The Real Vincente Minnelli

Film biographers have long ignored the real Vincente Minnelli. But with his new book, Emanuel Levy delves into the complex personal life of the flamboyant Oscar-winning director ... also known as Liza's dad.

BY Harrison Pierce

May 15 2009 12:00 AM ET

VINCENTE MINNELLI LIZA A MATTER OF TIME XLRG (GETTY) | ADVOCATE.COM

Can you put that relationship in historical context in terms of tabloid presence? Well, you know, I interviewed Jane Fonda when her book came out and I asked her what the difference was between being a star back then compared to now. She said there was no scrutiny -- "We could do drugs and have orgies and there was no press." But Vincente was a director, and directors are behind the camera, so I don't think they're as interesting for the paparazzi. But someone like Cukor would have been three times as careful today as he was in the '30s and the '40s because of the Internet. As for Minnelli ... when he arrived in Hollywood, and I heard this from two people, he was wearing makeup because in New York it was accepted. It was bohemian. He had been surrounded by the Gershwins, by Dorothy Parker, and they could care less if he had a boyfriend. But I found a note that the studio was upset about [the makeup] and so I think he immediately changed his lifestyle. Instead, he channeled his homosexuality or his sexual phobias and tensions and anxieties directly into his work. You can read his movies for their sexual politics.

In which of his films do you think the channeling is most obvious? Of course the prime example is Tea and Sympathy. That's a personal film about masculinity. There's one scene in which the lead character's roommate instructs him in how to walk as a man. What's most fascinating is that Minnelli was very good with color schemes and he played with shades of blue in the film. The darker the blue, the more masculine the character. When Tom [John Kerr] goes to see a prostitute to prove his masculinity, he's wearing a dark blue suit. So light blue is for sissies, dark blue is for macho. I also get a kick out of analyzing An American in Paris -- the character played by Nina Foch is like a sugar daddy. Her character's name, "Milo," is even masculine. Gene Kelly's basically a gigolo -- a painter supported by a rich woman. Also interesting is Home From the Hill, in which there are three types of masculinity. There's Robert Mitchum, who is the ultimate macho patriarch, then there's the bastard son, George Peppard, and then George Hamilton, who's the mama's boy. The whole movie is about Hamilton detaching himself from his mother and standing on his own. The way in which the gun is used in the film is like a penis. It's Freudian melodrama. Even in Designing Woman, the comedy with Lauren Bacall, her best friend is a choreographer who's basically Minnelli, somebody who Gregory Peck puts down because he's too sensitive. Minnelli always suffered from being effeminate.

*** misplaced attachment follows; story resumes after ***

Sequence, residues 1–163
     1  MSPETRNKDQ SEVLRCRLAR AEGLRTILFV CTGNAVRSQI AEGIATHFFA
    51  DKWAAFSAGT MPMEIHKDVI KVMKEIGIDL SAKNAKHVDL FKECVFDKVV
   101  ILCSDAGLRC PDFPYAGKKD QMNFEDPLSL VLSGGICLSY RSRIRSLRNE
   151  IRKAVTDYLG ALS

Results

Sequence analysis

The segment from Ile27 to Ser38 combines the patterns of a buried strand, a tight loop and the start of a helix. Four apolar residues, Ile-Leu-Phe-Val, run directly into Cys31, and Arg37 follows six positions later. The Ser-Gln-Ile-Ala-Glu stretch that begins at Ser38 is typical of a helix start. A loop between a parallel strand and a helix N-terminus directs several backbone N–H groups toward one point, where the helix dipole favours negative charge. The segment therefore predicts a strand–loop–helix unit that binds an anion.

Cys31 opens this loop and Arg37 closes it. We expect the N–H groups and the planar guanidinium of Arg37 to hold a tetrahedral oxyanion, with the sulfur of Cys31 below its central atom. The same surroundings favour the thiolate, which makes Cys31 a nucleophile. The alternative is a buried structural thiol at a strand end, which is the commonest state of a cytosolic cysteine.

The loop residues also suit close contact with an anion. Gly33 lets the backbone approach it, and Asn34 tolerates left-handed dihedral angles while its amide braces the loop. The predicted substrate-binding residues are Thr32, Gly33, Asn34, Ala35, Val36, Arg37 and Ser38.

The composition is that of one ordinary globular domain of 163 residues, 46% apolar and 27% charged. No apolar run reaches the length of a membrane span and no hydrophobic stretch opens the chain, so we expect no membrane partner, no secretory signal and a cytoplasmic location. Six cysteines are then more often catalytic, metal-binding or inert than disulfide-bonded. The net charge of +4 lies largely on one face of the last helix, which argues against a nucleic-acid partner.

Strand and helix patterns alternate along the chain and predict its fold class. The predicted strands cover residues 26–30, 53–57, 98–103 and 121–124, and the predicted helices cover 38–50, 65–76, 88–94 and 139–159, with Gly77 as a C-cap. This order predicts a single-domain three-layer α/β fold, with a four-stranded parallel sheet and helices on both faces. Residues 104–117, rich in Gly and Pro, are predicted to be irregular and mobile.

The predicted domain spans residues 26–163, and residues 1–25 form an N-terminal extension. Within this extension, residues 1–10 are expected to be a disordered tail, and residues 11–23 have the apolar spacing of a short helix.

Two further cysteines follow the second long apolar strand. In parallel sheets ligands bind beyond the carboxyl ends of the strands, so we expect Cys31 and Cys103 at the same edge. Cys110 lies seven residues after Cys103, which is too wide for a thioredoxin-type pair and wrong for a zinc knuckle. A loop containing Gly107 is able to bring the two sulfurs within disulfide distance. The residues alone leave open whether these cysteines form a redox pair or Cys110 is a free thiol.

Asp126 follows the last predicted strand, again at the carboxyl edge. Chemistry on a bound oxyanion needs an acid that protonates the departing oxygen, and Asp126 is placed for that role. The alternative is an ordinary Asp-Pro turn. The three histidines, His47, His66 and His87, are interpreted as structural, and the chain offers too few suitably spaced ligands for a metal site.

What was Vincente's relationship like with Liza? He was the best father. He really spoiled her because he had shared custody -- whatever Liza wanted, Liza got. Vincente would dress her up, bring her to MGM. He felt guilty because Judy was a troubled mother and woman and Liza suffered, so he was very devoted to her and she was very devoted to him. Plus the look of Liza in Cabaret comes directly from Minnelli -- I have the correspondence, you know -- because he recommended to Bob Fosse how she should look. He was very instrumental in her career early on.

What was Minnelli like as director? He was expensive and his movies took forever to make, but he's one of a few who've had two pictures win the best picture award -- An American in Paris and Gigi. Plus his movies made money. So he brought a lot of prestige to the studio. However, he was often described as passive-aggressive. Jack Nicholson said in interview that he could spend days shooting a vase of flowers from different angles [during production of On a Clear Day You Can See Forever ] but never give him an instruction about how to play his part. He was very particular, but he was also inarticulate, so he needed the help of people like Ed Gibbons, who was MGM's art director. His career declined as soon as the studio system declined. Unlike Orson Welles, he and Cukor were not producers and they were not writers -- they needed all the support the studio system would give them.

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